TOGO – According to the World Health Organization (WHO), African health ministers have approved the Regional Strategy for Health Security and Emergencies covering 2022 to 2030 aimed at reducing the health and socioeconomic impacts of public health emergencies.

The Regional Strategy for Health Security and Emergencies 2022–2030 was endorsed by African health ministers during the Seventy-second session of the World Health Organization Regional Committee for Africa in Lomé, Togo.

The strategy focuses on strengthening mechanisms for partnerships and multisectoral collaboration, ensuring sustained and predictable investment and repurposing resources from polio eradication and COVID-19 to support strategic investments in systems and tools for public health emergencies.

The new strategy is the fruit of extensive consultations with African health ministries and a range of other institutions, technical actors and partners across the continent aimed at protecting the world against future pandemics.

Prior to the emergence of COVID-19, the top causes of epidemics in the region were cholera, measles, yellow fever, meningococcal meningitis, influenza and viral haemorrhagic fevers, most of which are preventable by strengthening routine immunization.

World Health Organization (WHO)


By adopting the strategy, Member States agreed to reach 12 targets by 2030 which will strengthen their capacity to prevent, prepare for, detect and respond to health emergencies including all countries having 80% of health districts with functional service delivery and quality improvement programmes.

Other targets for WHO Member States include 80% of Member States having predictable and sustainable health security financing along with 90% of Member States mobilizing an effective response to public health emergencies within 24 hours of detection.

Member States also agreed to commit political will and provide technical leadership, mobilize resources, provide adequate human and logistic resources to implement the new strategy as well as to strengthen a One Health coordination mechanism and build capacity at the national and decentralized levels.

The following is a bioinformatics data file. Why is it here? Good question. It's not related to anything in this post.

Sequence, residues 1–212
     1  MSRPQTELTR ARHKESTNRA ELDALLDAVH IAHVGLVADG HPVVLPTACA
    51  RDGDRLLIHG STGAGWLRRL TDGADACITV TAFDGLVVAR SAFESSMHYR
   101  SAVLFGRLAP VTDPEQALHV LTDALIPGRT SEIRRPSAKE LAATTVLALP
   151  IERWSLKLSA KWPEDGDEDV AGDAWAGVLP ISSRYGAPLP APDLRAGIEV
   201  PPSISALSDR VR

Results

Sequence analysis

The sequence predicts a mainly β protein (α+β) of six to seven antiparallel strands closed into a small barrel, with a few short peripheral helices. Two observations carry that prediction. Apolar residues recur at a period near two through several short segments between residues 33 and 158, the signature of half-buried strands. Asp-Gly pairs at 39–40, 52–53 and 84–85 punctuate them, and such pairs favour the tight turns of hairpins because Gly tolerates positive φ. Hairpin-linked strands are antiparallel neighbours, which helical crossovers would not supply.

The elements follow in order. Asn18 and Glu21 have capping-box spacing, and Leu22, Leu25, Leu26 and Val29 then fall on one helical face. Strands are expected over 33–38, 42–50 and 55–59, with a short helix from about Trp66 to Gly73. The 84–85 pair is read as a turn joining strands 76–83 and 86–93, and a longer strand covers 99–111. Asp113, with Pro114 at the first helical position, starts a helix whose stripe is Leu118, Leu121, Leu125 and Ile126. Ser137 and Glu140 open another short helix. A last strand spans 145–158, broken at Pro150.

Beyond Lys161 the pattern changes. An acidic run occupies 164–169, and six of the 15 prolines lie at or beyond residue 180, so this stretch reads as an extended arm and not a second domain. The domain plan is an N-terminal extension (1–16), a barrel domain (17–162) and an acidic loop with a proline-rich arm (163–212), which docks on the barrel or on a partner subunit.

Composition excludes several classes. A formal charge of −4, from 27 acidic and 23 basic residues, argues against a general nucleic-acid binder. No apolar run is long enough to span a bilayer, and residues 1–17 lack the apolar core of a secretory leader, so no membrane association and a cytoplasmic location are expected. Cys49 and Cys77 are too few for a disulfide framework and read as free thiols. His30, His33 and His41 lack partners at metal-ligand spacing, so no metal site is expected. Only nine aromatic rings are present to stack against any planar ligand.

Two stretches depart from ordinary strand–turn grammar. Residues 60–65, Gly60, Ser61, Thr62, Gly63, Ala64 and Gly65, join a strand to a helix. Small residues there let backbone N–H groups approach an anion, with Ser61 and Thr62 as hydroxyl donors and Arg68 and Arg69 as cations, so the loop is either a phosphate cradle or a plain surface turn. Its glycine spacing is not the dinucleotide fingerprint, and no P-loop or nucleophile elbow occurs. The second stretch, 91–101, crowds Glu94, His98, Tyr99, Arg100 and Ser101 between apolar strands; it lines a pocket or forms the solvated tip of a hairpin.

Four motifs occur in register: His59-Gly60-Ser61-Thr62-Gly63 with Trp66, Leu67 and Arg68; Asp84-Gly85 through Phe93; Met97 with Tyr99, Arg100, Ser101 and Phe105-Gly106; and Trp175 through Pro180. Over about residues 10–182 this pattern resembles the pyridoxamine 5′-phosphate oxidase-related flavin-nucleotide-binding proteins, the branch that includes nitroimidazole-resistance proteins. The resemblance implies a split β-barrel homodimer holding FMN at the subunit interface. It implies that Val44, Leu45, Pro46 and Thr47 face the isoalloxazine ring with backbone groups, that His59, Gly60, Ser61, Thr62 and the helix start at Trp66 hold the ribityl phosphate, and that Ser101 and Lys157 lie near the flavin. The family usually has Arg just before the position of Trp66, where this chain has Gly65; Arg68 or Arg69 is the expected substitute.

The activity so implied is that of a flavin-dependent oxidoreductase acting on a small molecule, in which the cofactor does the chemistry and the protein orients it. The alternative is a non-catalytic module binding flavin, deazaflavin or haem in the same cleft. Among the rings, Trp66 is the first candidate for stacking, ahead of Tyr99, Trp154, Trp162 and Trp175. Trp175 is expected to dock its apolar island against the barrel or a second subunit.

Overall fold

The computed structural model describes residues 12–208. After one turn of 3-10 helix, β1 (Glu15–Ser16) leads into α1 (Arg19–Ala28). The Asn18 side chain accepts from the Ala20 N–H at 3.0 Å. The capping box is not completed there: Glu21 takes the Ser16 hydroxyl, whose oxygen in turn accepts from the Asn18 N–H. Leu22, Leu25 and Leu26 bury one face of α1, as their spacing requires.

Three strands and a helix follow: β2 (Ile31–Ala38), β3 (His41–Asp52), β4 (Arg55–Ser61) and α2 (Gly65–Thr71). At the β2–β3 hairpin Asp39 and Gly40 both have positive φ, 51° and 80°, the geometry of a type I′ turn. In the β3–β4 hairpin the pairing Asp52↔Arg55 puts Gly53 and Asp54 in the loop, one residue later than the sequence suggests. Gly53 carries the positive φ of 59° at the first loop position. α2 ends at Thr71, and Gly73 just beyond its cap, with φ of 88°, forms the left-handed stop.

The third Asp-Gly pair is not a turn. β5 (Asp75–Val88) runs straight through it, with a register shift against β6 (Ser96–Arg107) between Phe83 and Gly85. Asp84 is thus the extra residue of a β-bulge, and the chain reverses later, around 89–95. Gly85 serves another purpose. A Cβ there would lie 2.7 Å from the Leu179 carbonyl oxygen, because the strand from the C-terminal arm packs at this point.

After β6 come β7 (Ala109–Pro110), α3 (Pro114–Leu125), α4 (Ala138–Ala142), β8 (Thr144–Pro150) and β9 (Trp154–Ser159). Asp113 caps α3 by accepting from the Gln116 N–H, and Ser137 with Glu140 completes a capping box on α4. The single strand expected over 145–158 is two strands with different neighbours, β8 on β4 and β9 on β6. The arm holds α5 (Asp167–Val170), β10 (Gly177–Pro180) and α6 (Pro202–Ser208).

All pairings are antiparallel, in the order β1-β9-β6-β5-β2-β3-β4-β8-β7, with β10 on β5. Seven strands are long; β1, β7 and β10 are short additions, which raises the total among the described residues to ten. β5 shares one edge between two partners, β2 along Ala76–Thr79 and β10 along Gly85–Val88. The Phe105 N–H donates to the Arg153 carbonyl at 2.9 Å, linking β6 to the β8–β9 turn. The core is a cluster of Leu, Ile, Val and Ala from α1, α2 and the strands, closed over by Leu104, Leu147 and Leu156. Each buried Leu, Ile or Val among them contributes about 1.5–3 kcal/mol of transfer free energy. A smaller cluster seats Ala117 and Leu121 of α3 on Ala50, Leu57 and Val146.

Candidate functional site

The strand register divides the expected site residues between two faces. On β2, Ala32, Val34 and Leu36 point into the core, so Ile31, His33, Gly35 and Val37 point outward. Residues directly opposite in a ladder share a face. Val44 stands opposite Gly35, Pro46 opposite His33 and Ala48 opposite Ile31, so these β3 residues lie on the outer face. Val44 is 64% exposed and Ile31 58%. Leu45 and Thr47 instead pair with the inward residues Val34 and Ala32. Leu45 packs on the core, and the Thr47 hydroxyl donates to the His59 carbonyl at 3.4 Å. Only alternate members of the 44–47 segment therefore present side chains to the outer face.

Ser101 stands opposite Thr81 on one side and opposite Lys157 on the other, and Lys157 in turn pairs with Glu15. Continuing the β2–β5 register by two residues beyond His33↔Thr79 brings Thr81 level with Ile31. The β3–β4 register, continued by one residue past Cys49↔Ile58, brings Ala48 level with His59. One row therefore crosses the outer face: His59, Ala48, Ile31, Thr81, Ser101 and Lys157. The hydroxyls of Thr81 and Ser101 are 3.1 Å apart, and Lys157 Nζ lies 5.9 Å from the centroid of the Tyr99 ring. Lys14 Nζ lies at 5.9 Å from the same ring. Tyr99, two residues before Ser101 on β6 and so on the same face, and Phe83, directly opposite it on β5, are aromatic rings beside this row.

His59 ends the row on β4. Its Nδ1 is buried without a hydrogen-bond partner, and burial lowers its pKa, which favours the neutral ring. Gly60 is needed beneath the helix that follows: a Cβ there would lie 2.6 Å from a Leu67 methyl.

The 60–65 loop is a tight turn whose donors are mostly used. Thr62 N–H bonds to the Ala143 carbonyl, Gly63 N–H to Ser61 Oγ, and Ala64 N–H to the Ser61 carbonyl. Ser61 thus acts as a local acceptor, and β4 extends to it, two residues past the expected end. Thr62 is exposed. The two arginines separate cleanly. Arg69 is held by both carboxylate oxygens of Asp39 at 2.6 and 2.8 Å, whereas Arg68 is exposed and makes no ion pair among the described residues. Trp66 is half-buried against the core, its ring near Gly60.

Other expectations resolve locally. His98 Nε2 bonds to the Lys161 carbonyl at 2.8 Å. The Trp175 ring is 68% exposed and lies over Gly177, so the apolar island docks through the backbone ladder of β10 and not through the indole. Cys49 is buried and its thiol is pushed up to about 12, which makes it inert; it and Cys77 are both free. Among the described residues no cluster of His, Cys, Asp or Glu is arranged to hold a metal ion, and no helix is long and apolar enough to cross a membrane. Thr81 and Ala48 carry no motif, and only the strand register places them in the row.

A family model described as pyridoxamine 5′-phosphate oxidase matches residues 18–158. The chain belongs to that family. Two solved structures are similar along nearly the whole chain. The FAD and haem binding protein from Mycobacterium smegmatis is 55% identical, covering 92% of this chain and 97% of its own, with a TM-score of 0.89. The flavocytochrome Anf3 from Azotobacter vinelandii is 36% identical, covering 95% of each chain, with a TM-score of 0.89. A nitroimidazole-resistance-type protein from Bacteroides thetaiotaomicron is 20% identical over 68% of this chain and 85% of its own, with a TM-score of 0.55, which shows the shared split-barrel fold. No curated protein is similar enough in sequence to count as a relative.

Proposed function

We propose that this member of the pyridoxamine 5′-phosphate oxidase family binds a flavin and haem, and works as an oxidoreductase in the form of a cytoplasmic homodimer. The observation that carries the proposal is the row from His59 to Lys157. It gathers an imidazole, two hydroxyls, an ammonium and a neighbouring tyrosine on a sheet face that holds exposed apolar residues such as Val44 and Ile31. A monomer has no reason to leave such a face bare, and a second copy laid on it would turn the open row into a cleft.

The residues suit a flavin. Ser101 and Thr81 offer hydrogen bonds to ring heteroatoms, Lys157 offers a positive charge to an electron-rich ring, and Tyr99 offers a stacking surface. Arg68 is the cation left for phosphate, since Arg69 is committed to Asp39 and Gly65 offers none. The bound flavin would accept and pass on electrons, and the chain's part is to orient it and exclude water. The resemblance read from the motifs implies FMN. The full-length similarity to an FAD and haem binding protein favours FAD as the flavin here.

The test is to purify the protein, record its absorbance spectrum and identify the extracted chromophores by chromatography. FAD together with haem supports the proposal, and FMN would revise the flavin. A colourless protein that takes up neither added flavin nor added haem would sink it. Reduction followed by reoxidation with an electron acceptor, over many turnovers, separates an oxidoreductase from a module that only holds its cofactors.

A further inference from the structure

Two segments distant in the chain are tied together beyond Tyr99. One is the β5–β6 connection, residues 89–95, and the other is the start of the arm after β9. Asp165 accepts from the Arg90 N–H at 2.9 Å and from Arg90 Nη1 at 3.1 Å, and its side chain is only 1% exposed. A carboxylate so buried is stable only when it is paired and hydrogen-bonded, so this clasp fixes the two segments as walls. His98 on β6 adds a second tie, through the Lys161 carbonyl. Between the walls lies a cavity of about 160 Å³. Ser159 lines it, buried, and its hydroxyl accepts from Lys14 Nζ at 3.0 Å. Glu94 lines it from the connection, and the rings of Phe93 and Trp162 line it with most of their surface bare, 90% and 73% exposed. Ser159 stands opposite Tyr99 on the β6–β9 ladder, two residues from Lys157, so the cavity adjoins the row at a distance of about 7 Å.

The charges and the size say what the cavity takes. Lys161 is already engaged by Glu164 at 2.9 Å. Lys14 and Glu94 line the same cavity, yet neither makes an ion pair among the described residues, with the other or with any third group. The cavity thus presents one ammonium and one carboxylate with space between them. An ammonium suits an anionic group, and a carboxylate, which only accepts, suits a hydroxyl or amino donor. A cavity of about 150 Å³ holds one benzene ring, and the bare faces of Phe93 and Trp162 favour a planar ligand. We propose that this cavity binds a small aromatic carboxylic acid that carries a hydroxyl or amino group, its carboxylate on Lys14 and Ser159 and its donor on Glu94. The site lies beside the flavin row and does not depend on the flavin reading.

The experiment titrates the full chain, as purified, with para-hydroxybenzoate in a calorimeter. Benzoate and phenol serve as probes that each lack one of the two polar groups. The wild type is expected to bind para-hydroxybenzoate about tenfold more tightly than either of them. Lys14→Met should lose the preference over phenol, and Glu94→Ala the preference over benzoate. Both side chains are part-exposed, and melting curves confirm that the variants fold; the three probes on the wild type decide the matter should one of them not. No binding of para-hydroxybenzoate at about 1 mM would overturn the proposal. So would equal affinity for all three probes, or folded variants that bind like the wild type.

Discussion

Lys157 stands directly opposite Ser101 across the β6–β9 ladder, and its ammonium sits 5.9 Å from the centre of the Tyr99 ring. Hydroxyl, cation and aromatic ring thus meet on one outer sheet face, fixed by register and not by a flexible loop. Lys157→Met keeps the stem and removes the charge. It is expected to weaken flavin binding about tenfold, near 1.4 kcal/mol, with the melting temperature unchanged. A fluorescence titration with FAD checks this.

Furthermore, Africa health ministers approved the new eight-year regional strategy to transform health security and emergency response in the region following the devastating impact of the COVID-19 pandemic on fragile health systems.

WHO has recently launched a flagship initiative to assist countries in operationalizing the newly-adopted strategy and it is currently being rolled out in five early implementation countries across the region: Botswana, Mauritania, Niger, Nigeria and Togo,” WHO disclosed.

Dr Matshidiso Moeti, WHO Regional Director for Africa emphasized that COVID-19 is a wake-up call for the African region to prioritize building resilient health systems capable of providing quality healthcare while coping with public health emergencies.

There is a growing recognition of the mounting threat public health emergencies pose to global economies and societies, underlining the need for a One-Health approach and investing in prevention and preparedness,” Dr Matshidiso Moeti said.

WHO outlines that COVID-19 underscored the need to improve surveillance, diagnostics, treatment and a range of health services, noting that the African region reports the heaviest burden of public health emergencies, with more than 100 such events occurring annually.

The agency explained that the COVID-19 pandemic grossly overwhelmed health systems, interrupted essential health services and fueled socio-economic disruption threatening to undermine decades of hard-earned health and economic gains.

WHO estimates that up to US$4 billion is needed annually from international and domestic sources to fully fund core health security capacities in the region and better prepare for the next pandemic, adding that the additional funding and support works out to around US$3 per person a year.

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